Jon Beason wasn't just rehabbing this summer. He was researching.
He wanted to find out the Giants' single-season record for tackles and who held it. It seemed like a simple task. With 89 years of franchise history he was certain he'd come across a mythic number attached to a mythic name. Sam Huff. Lawrence Taylor. Harry Carson. One of the all-time greats.
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What he found, though, is that the queasy nature of the stat meant the Giants' official records don't go back very far. Only to the 2000 season. And the king of the list isn't exactly Giants royalty. As far as the team is concerned, the unofficial record is held by Micheal Barrow who had 148 in 2003, but it's not even listed in their media guide or on their website.
Not exactly Roger Maris' 61 in '61.
"I was told it doesn't exist," Beason said of the benchmark, which the Giants virtually ignore.
He seemed disappointed. But no matter. He plans on topping the list soon enough, even if he has to create his own to do it.
"If that's what it is, then that's the mark," Beason told Newsday with a shrug this week. "One hundred and fifty, I think, is obtainable. I don't think it's anything that is far-fetched to be honest."
Not if he plays like he did with the Panthers early in his career and in part of last season with the Giants. When the Panthers credited him with 160 tackles as a rookie in 2007 (ironically breaking the team record that was held by Barrow as well), he didn't even know he was setting a new mark. The next year he had 159, then in 2009 had 169 followed by 162 in his final fully healthy season in Carolina.
"It became a kind of competition," Beason said. "You always want to do better. So you break it the next year, break it the next year, and you keep setting the standard."
Last year he had 93 tackles with the Giants, but that was playing linebacker in just 11 games after he was acquired in a trade. Prorated to a full season, it's about 135 tackles over 16 games. Beason tacks on a few extra because he was only playing in the base defense early in his Giants tenure.
"It would have put me at about 135 or 140," he said. "Then I was coming off the [knee] injury, I know I wasn't in great shape, and having to learn a new scheme. There were some games I felt like I could have played better in. I want to have more of those big tackle games like I did [with 17] against Washington where you're kind of just blinking. Before I got hurt I would have four or five of those a year where you have 13-, 14-plus tackles."
Which would, of course, put 148 within his sights.
"You look at stats for a guy who is a pretty good linebacker, he'll make 100 tackles," Beason reasoned. "You make 100, you're averaging seven or eight tackles a game. If you play every down, that's a good number. Then based on how you go about your business, the extra effort, the want-to, that's when you get to nine and 10 a game. If you hit that number, now you're the best in the league. It's amazing that the margin is just one or two plays."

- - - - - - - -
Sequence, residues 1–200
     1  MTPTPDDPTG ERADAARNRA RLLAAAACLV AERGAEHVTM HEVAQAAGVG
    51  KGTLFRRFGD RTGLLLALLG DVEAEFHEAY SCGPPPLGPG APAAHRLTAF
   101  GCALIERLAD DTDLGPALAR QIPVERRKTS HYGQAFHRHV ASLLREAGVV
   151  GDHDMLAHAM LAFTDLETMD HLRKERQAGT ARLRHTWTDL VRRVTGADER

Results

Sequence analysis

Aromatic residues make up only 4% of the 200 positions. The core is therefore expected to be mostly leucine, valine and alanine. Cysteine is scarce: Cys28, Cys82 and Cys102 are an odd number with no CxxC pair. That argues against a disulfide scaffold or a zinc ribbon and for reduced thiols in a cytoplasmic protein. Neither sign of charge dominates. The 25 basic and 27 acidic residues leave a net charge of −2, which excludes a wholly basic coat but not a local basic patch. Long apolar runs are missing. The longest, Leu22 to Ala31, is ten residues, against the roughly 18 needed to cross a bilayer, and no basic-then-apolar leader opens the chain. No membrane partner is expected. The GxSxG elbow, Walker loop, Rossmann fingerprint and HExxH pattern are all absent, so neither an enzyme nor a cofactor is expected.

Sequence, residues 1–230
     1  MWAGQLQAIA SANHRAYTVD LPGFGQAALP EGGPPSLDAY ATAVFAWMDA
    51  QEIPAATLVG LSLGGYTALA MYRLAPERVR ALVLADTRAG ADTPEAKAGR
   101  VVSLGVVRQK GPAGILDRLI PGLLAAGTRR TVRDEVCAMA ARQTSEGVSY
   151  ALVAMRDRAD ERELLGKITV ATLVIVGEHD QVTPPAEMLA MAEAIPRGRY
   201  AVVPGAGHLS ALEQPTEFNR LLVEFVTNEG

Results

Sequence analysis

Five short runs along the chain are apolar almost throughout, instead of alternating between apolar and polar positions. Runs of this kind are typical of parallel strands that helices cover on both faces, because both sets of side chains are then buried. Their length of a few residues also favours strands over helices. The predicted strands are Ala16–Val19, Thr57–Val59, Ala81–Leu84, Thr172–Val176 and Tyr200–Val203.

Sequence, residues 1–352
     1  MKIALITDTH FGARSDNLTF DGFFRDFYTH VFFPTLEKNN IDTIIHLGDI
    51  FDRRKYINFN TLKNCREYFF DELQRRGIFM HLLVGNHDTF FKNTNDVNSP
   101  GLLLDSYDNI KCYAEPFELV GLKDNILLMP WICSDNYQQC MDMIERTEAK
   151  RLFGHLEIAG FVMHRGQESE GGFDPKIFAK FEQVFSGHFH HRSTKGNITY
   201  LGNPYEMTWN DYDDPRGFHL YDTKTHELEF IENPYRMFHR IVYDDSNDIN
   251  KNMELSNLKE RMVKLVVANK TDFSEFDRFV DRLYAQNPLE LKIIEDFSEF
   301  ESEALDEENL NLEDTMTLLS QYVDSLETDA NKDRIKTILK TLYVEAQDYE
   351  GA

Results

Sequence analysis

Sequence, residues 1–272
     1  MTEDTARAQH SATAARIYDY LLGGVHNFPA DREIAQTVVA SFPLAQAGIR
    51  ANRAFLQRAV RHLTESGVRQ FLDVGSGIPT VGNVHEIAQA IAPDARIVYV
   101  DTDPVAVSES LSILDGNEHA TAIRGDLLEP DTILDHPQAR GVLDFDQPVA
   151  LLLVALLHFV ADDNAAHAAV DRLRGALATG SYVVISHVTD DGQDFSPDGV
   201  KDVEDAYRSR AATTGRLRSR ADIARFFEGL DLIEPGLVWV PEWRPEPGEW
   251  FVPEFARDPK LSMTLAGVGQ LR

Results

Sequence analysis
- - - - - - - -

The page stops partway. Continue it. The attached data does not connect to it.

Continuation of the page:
There are obviously peaks and valleys, though. Beason said he thinks he can reach the not-quite record even if he misses a game or two. He's still on the physically unable to perform list (PUP) with a foot injury, remember, and hasn't even practiced this training camp. Earlier this week, he ramped up his rehab on the side.
"As far as I know, he's done well," Tom Coughlin said of Beason's response to the added grind. "He's done everything they've asked him to do. The movement on the field and what he's done on the field has been good."
Beason appears close to hitting his targeted date and returning for the Sept. 8 opener against Detroit. Even if he doesn't, he'll still have the tackle goal.
"You don't have to play every game," he said. "When I did the 160, I had games with four or five tackles, but then you have a game where you get 16 or 17. The objective is to do your job."
The objective becomes subjective very quickly, though. Beason's astronomical tackle numbers from Carolina are a bit of a canard. The record-setting stats in the 160s are referenced in the team's media guide and on its website, but they are based off coaches grades and film evaluation. Official NFL stats, which are recorded during the game from the press box without the benefit of a rewind button, credit him with far fewer tackles. Never more than 141 in 2009, in fact. Over the four-year period of Beason's prime in Carolina, the difference between his official tackle numbers and his team-recognized tackle numbers is a staggering 110.
Which is right? Which is more accurate? It's hard to say. But when a player is not credited with a sack or a half-sack during the game, the team can petition the league to have the statistic changed. The same with offensive stats that are routinely corrected. Tackles, though, are written in stone and not reviewed.
"I don't know why they don't do it with tackles," Beason said. "You go back and you had 160-plus for four years but then you end up with 140, 130, 120. One year they were 40 off. It really upsets you. But that's what the stats are."
To whatever extent the Giants do recognize tackles as a statistic, they go by the NFL's numbers and not their in-house tallies. Which will make it more difficult for Beason to break the team's quasi-record. He thinks he can, which is why he went digging for the information in the first place.
"Anytime you do anything," he said, "you want to know who was the best at it."
Beason expects to be the best for the Giants. Even if it doesn't actually count.